Babette’s Feast Screen 4 articles

Babette’s Feast


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  • It's a model of tact, intelligence, proportion, and scale. But it's still many rungs below Dinesen, despite several claims to the contrary. . . . If we accept the notion that much of Dinesen's power comes from her use of language, then the film, which drastically reduces that language and translates it into Danish, has to be something less.

  • It’s a diamond-bright story, faceted with irony, humour and regret, but one realises, on rereading it, that Axel has managed the impossible and improved on Dinesen. He holds fast to the story’s values, but fills out some wispy outlines of character, elaborates agreeably on the preparation of the dinner (a sigh of purest satisfaction ran through the French audience as Babette slices a truffle), creates a setting around it.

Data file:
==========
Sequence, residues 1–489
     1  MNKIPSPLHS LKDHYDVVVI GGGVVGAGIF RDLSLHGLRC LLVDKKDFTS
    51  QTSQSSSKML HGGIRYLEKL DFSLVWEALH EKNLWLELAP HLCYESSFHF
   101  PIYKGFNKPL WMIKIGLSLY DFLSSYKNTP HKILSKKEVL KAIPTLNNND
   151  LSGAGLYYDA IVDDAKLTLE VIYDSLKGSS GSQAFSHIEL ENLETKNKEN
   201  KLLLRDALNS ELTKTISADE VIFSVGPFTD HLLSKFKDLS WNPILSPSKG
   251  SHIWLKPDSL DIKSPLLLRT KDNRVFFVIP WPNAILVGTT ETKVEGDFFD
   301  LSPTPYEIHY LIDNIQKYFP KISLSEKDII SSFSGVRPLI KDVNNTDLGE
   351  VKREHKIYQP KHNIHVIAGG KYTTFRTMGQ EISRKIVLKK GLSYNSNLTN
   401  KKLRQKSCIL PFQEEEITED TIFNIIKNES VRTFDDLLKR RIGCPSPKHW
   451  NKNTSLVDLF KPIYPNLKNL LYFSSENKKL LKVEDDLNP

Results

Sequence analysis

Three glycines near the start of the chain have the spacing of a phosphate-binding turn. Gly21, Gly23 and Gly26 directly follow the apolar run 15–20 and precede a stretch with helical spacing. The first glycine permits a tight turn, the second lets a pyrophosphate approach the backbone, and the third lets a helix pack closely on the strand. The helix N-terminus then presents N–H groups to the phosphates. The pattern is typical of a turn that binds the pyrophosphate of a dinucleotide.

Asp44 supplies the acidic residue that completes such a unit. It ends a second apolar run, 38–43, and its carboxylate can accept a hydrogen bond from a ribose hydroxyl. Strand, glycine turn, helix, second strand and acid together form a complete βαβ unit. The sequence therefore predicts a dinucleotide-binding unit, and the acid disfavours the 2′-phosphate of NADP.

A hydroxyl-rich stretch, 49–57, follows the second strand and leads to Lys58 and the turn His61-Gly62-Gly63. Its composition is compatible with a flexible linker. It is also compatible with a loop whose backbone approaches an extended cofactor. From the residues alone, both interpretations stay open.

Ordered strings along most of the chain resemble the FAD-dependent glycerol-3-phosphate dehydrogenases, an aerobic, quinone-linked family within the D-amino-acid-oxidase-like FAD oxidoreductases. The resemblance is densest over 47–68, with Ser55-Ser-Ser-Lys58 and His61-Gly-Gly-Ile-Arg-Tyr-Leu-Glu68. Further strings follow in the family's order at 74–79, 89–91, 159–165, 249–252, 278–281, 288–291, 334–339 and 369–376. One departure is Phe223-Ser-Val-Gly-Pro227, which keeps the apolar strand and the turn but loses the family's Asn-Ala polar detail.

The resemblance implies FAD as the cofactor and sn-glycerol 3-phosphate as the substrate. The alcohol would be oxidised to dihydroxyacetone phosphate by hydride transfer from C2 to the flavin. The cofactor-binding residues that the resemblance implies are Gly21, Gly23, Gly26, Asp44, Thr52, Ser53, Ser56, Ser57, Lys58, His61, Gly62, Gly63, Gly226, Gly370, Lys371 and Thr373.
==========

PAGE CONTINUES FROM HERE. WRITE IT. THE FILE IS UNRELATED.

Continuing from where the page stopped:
• Superficially resembling many an awards-bait horse that followed in its wake, Gabriel Axel's Babette's Feast may not be an auteurist classic, but it remains one of the most sublime and transporting of all food-centric movies... The tour-de-force, climactic dinner sequence crucially intercuts the faces of the guests, who uncomprehendingly but helplessly fall under the spell of quail-and-truffle-stuffed pastries and Veuve Clicquot...

  • Its tone, its humor, its kindness, its flashes of sardonic wit, the ease and confidence of its storytelling—all these attributes seem, at times, self-perpetuating, and independent of mere human agency. It is as if the best stories, miraculously, write themselves. Axel’s film manages to capture this anonymous and folklorish quality. Faithful to the story, he has made grace visible, and given us, in addition, a wonderful lesson in courtesy.

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